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LINCROFT: A TRUE TALE OF BLOOD BROTHERS

yarrott-benz-8005055The public is welcome as author Yarrott Benz inaugurates the spring Visiting Writers series at Brookdale Community College with a Tuesday night discussion of his moving memoir, ‘The Bone Bridge.’

bone-bridge-147x220-6919206The story of the brothers Benz may in fact be “the only case like it in history.” Diagnosed back in the 1970’s with aplastic anemia — a life-threatening condition in which the bone marrow doesn’t produce the platelets needed for blood to clot normally — Charley Benz became bound to the person who was identified as the sole compatible donor: his younger brother Yarrott.

Thus began a tale of experimental procedures, complex emotions, soul-searching and self-sacrifice that has only recently been revealed to the world at large, in the acclaimed memoir The Bone Bridge: A Brother’s Story.

On Tuesday evening, the Visiting Writers series at Brookdale Community College resumes for the spring 2016 session, and the public is invited to hear Yarrott Benz discuss the book that has been called “the harrowing account of teenage brothers, as different as night and day, trapped together in a dramatic medical dilemma — a modern miracle and a modern nightmare.”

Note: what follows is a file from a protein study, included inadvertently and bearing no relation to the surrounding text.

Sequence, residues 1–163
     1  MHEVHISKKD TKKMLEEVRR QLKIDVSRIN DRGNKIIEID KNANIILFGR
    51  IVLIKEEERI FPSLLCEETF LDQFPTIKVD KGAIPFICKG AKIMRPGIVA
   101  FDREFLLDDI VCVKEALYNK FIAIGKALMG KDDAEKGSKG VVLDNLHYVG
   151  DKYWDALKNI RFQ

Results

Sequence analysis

Presented at 7 p.m. in the Lincroft college’s Warner Student Life Center building, the free event finds the Tennessee-born author — an artist and essayist who has previously written on topics including architecture’s seminal role in art history and the psychology of visual trends — opening up about an extraordinary story that had once been a private family affair.

It’s an account that details the transfusion procedure by which Charley was kept hanging on to life (a grueling, twice-weekly process that continued for more than seven years) and goes behind the scenes to speak frankly of how “the two brothers navigate through their enmeshed lives with all that they feel for each other: hatred and love, rejection and acceptance, disdain and respect.” Yarrott examines how he dealt with being the only person who could keep Charley alive, and how he coped when his brother died.

Above all, it’s a story that asks the reader a difficult question: what would you do? And how would any of us shoulder such a responsibility, in a society where careerism, ego and personal fulfillment are all-encompassing themes?

As always, the Visiting Writers event is presented by the Creative Writing Club and Student Activities at BCC. Parking is in lots 6 or 7, and complimentary refreshments are available (donations to the Creative Writing program are welcomed). Call (732) 224-2650 or email [email protected] for more information.

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